Updated 2014-05-31 18:06:51 by pooryorick

Richard Suchenwirth 2002-05-05: Reading chapter 1.3 of SICP, a highly educational introduction to programming based on the LISP dialect Scheme, I felt challenged to try to reproduce the Scheme examples for summation of a series in Tcl, for example:
/   f(n) = f(a) + ... + f(b)

Here's what I have so far (both f and next are "functional objects", which in Tcl just means "strings that happen to be the name of a proc":
proc sum {f a next b} {
    expr {$a>$b? 0 : [$f $a] + [sum $f [$next $a] $next $b]}
# --------------------------- small building blocks:
proc cube x {expr {$x*$x*$x}}
proc inc  x {incr x} ;# argument x is value, instead of name
proc lambda {argl body} {
    set   name [info level 0]
    proc $name $argl $body
    set   name

This handful of code allows us to reproduce the Scheme results from SICP. For more info, see there.

  • sum the cubes of 1..10:
sum cube 1 inc 10 ==> 3025, or:
sum cube 1 [lambda x {incr x}] 10

  • sum the integers from 1 to 10:
proc identity x {set x}
sum identity 1 inc 10 ==> 55; or:
sum [lambda x {set x}] 1 [lambda x {incr x}] 10

  • approximate Pi one slow way:
proc pi-term x {expr {1.0 / ($x * ($x+2))}}
proc pi-next x {expr {$x + 4}}
expr {[sum pi-term 1 pi-next 1000] *8 } ==> 3.1395926555897828

whose run limit could be increased from 1000 until 2756 before raising the "too many nested calls..." error ;-( and still gave a less precise approximation than the good old atan(1)*4...

  • integrate a function f between limits a and b:
proc integral0 {f a b dx} {
    set ::globaldx $dx
    expr {[sum $f [expr {$a + $::globaldx / 2}] add-dx $b] * $dx}
proc add-dx x {expr {$x+$::globaldx}}
% integral0 cube 0 1 .0016 ==> 0.2499996800000055

Here however I had to start to compromise: instead of Scheme's lexical scoping, where dx is visible everywhere inside integral's body, including the add-dx function, I had to elevate dx to global status, which is ugly; and Tcl's recursion depth limit caught me before I could try SICP's dx value of 0.001 - the result is still close (but no cigar) to the correct result of 0.25. Oh wait, at least in this case we can emulate lexical scoping more closely, by embodying $dx into a "live proc body" of add-dx:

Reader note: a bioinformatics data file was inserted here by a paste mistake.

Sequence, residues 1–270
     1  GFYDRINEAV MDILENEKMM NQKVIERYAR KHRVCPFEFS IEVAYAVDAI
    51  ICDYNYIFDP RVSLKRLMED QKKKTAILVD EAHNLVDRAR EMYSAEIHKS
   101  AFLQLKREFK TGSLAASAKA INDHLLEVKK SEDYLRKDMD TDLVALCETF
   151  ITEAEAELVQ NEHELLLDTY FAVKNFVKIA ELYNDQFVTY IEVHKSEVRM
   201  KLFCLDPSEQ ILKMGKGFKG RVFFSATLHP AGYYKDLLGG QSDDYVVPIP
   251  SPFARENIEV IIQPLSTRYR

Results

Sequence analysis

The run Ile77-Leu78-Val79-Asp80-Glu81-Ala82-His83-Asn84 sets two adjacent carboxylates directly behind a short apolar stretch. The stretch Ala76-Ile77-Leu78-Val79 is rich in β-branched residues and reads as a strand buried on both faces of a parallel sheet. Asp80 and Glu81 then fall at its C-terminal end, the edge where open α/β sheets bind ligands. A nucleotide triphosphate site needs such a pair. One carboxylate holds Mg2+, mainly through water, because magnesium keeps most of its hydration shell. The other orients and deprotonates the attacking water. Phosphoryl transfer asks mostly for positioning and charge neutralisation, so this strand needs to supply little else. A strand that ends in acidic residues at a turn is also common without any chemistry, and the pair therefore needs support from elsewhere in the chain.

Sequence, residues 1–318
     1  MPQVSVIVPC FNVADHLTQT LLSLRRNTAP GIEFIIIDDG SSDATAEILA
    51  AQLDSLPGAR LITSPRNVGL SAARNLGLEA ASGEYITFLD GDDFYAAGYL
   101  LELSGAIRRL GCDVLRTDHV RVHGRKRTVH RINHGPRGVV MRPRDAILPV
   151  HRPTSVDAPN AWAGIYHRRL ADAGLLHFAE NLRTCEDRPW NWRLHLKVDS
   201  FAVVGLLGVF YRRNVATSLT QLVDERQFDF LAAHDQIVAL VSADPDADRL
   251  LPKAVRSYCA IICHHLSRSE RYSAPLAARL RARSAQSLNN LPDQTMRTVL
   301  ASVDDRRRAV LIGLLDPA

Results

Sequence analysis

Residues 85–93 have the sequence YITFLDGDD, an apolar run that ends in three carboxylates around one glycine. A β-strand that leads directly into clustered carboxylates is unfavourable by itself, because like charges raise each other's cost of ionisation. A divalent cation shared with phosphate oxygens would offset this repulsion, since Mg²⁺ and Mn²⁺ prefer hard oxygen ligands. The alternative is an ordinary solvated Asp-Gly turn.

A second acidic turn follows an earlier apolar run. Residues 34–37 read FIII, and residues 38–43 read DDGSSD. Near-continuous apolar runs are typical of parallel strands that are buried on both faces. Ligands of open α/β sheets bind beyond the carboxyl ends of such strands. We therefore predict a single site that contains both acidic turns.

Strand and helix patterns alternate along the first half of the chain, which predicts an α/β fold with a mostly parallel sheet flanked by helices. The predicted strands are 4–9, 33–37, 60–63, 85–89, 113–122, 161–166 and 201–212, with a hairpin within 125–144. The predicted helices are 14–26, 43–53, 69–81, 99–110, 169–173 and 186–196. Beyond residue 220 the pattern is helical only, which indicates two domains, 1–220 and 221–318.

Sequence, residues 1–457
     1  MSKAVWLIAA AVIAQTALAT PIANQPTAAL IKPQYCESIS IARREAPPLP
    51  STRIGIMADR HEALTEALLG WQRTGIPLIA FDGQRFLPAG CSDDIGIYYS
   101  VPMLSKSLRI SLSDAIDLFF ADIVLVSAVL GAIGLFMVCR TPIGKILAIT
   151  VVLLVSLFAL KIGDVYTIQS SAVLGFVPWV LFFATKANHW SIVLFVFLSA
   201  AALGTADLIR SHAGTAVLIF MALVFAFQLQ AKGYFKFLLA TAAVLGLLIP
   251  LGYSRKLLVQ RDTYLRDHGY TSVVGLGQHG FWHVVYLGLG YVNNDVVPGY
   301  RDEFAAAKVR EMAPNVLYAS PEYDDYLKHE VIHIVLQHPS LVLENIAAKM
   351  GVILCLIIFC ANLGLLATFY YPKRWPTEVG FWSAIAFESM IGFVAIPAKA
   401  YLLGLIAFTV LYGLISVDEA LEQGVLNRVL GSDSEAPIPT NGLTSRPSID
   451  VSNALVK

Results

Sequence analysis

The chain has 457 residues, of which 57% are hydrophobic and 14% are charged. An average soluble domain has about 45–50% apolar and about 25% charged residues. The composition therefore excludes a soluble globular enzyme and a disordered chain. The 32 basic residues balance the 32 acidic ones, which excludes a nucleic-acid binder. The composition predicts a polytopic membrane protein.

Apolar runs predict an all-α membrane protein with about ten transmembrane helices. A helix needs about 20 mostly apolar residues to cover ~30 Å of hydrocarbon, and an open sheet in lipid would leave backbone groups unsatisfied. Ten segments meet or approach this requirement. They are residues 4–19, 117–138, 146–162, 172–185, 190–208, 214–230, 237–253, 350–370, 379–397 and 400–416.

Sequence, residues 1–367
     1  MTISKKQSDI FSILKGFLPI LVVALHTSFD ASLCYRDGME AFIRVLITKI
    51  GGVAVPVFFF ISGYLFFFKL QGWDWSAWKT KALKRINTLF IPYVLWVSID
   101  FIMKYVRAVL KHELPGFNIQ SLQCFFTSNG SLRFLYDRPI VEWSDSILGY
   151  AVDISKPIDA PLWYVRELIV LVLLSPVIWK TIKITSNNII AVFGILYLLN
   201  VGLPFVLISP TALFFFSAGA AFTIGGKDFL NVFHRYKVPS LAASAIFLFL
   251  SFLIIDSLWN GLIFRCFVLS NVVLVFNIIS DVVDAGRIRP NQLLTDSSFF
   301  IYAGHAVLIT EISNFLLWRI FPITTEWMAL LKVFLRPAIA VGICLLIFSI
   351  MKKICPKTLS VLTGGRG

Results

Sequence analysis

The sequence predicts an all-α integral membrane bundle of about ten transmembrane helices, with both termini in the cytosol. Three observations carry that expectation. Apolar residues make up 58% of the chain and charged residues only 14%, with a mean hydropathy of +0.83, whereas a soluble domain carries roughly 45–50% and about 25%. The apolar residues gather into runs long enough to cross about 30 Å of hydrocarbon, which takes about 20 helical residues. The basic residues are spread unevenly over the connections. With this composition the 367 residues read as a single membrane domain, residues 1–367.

proc integral {f a b dx} {
    proc add-dx x "expr {\$x+$dx}"
    expr {[sum $f [expr {$a+$dx/2}] add-dx $b] * $dx}
% integral cube 0 1 .00146 ==> 0.25009974849771255

A cleaner way to implement this "closure" would be an added default argument, like they do in Python - the body can remain braced, but the argument list of add-dx now "inherits" from outside:
proc integral {f a b dx} {
    proc add-dx "x {dx $dx}" {expr {$x+$dx}}
    expr {[sum $f [expr {$a+$dx/2}] add-dx $b] * $dx}

Slightly off-topic, but as all building blocks are there, here's a stint on the derivative of a function, using the default args method, inheriting one argument from deriv, and one from global namespace:
proc deriv g {
    lambda [list x [list g $g] [list dx $::dx]] \
        {expr {([$g [expr {$x+$dx}]] - [$g $x])/$dx}}
% set dx 0.00001 ;# well, in SICP they have it global too...
% [deriv [lambda x {expr $x*$x*$x}]] 5 ==> 75.0001499966

Anyway, I'm again surprised how many steps towards functional programming are possible with Tcl .. and more to come.

See Also  edit

Tcl and LISP